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Saturday19 August 2017

Norton Folgate scheme dodges public inquiry

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Communities minister Greg Clark decides not to call in AHMM’s Spitalfields scheme

The government has decided not to call in AHMM’s Blossom Street scheme in east London for a public inquiry.

The 32,000sq m scheme - which is threatened by a separate judicial review bid by local campaigners - was approved by the Mayor of London Boris Johnson last November after he snatched the decision away from local authority Tower Hamlets.

Communities minister Greg Clark has decided not to call in the decision. In a letter to City Hall today, the government said Clark was “content that it should be determined by the local planning authority”.

Developer British Land welcomed the decision: “We are pleased that the Secretary of State has decided that the case for a public inquiry is without merit.

“We now look forward to commencing work on the rejuvenation of the Blossom Street site at the earliest possible opportunity, creating much-needed new office space for London’s tech communities.”

Heritage campaigners the Spitalfields Trust said the decision would have “no bearing at all” on its judicial review challenge to the scheme. A legal hearing into whether Boris Johnson acted lawfully by calling in the scheme will be held in the next few months.

Johnson granted approval for the redevelopment siding with developer British Land and masterplanner AHMM to clear the way for seven buildings, comprising mainly office space along with 13 retail units and 40 apartments. Other architects working on the scheme include DSDHA, Duggan Morris, Stanton Williams and East who are all working on individual buildings.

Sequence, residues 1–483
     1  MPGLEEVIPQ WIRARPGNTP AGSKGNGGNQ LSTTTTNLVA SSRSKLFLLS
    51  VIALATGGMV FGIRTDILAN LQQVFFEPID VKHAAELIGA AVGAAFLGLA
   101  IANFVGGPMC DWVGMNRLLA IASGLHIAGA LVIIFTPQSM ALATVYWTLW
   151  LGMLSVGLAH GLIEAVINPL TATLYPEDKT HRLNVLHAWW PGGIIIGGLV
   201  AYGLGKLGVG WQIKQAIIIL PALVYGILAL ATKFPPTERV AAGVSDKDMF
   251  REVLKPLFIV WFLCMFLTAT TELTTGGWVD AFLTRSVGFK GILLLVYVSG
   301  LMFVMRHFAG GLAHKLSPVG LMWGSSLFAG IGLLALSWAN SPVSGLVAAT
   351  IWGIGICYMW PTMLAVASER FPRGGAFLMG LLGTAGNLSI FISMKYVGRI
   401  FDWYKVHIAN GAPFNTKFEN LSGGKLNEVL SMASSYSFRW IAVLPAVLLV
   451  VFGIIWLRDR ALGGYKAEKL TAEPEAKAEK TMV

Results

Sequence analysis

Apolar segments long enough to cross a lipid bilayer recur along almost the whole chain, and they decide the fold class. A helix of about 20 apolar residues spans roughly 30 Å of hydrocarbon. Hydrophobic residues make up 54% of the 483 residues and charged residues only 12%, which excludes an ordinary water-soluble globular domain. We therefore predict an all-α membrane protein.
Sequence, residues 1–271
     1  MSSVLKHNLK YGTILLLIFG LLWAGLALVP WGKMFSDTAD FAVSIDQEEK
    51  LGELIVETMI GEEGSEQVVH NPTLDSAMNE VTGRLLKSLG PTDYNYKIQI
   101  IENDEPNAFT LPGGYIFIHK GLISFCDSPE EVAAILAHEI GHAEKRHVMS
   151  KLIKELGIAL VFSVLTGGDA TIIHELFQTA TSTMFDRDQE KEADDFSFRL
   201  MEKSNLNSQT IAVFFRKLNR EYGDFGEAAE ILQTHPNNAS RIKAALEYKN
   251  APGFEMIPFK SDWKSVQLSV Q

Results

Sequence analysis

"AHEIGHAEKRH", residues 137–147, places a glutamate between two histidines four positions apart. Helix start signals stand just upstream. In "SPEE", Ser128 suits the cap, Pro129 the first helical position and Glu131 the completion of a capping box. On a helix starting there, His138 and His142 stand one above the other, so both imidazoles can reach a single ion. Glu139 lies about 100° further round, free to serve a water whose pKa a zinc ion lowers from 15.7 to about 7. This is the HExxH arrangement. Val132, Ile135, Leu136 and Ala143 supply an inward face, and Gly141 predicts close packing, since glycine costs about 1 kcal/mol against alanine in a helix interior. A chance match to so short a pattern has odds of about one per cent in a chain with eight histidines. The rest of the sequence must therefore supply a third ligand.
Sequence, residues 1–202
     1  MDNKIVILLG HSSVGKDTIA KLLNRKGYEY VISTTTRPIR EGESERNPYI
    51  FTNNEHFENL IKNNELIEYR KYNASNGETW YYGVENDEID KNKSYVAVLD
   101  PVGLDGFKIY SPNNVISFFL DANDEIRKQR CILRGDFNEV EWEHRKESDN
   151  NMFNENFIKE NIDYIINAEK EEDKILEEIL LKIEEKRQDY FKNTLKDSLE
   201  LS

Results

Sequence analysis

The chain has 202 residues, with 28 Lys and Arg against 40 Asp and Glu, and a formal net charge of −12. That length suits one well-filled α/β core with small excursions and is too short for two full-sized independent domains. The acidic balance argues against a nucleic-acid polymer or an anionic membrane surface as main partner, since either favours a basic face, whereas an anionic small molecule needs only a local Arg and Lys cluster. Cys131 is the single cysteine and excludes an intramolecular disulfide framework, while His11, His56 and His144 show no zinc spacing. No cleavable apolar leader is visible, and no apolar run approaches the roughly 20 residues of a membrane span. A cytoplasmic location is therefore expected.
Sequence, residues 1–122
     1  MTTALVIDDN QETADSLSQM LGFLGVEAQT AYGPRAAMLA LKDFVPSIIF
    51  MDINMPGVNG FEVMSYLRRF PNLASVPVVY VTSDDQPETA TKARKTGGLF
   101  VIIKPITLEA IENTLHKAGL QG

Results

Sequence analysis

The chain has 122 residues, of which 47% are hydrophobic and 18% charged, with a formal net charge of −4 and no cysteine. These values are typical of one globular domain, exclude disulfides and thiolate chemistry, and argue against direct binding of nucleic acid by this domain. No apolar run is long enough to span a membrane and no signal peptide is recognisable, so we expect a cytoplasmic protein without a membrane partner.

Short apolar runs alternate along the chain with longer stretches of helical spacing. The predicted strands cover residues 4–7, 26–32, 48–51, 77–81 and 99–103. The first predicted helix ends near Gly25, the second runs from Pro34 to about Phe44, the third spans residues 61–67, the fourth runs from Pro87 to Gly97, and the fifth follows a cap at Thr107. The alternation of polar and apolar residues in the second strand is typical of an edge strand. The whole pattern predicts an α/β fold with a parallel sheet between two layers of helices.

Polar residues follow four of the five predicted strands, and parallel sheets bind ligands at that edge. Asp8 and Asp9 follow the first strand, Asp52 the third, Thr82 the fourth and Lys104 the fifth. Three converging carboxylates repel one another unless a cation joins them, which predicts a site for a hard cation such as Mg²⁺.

Campaigners against the plans had pinned their hopes on an eleventh hour intervention by Troels Holch Povlsen, a Danish retail billionaire, who the Spitalfields Trust, which is leading the campaign, told the hearing has offered to buy the site – also known as Norton Folgate – from British Land.

But giving his decision to approve, Johnson said: “I have to say I see no sign of the mysterious Danish philanthropist. He has not made a serious offer.”

 

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Readers' comments (4)

  • The Secretary of State's dept. has sent out what appears to be a pro forma letter saying he does not want to intervene since `planning decisions should be made at the local level'. But it is precisely because a planning decision, made by the local borough (Tower Hamlets) and backed up by much well-informed local support, has been arbitrarily overturned by one person, ie. the Mayor London, that the decision needs investigation.

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  • Munter Roe

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  • I completely concur with Gillian. However, it would appear that the Communities Minister Greg Clark is far from impartial. (Not that we would expect it from this government of millionaires!)
    Everybody join the Kill the Housing & Planning Bill march on Sunday 13th - the bill seeks carte blanche in these matters; putting planning decisions WHOLLY in the hands of developers!!

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  • SomeoneStoleMyNick

    @Z Sullivan yes - I have been out on the streets campaigning against the Housing Bill, will be out again tomorrow (Sat) and at the demo on Sunday. Meanwhile the Lords are very cleverly delaying its passage. Hopefully it will be held up until the local/mayoral elections on 05 May, thus making it the major election issue.

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